Roman Bronze Figurine of Apollo

SKU LK.116

100 AD to 300 AD


6.0″ (15.2cm) high





Gallery Location

S Korea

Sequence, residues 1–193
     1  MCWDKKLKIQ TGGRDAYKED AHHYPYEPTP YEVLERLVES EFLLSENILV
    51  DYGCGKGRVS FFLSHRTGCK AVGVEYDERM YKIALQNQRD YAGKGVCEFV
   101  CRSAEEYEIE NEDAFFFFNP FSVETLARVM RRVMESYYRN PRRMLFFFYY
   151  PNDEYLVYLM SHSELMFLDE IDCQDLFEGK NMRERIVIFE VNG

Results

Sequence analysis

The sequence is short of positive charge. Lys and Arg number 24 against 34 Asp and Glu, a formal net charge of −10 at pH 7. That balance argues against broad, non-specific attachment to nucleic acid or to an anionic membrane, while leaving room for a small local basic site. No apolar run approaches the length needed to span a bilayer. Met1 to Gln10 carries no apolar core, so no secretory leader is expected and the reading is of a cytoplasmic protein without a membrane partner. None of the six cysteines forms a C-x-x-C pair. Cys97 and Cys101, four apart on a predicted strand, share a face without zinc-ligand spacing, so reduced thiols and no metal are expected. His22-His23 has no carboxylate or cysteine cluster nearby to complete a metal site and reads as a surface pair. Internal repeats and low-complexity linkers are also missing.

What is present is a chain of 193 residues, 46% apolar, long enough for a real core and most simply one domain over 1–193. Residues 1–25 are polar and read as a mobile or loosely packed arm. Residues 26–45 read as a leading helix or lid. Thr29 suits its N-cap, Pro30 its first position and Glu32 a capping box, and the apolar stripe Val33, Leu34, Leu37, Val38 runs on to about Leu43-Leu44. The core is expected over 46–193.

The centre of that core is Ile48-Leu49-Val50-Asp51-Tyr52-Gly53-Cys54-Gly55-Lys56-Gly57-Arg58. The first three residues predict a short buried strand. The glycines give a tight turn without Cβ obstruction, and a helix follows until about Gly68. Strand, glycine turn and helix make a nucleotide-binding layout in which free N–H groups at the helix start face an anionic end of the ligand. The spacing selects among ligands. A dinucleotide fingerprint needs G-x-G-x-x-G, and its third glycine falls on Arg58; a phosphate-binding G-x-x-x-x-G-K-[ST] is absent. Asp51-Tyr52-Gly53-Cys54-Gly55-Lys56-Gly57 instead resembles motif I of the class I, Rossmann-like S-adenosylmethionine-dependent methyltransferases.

It is not unusual to see Apollo depicted in such a dramatic contraposto pose, as if he has been caught mid-movement. This small figurine is finely and delicately moulded, showing the advantages of bronze sculpture over marble for the production of such small figures; the sculptor would begin by creating the figure from carving wax, thus allowing for a greater attention to detail. Here the god’s face is contorted into an expression of alarm, as is also suggested by his sudden turning back and with his arm raised to his head. It could be that this figurine was part of a set depicting a scene from a myth. His cloak is draped around his neck showing off his heroic, muscular physique. In his left hand he holds a laurel branch, one of his many attributes. The purpose of such a figurine was likely to have been for private domestic worship, where libations would be poured before him with prayers being offered to invoke his guidance or to give thanks

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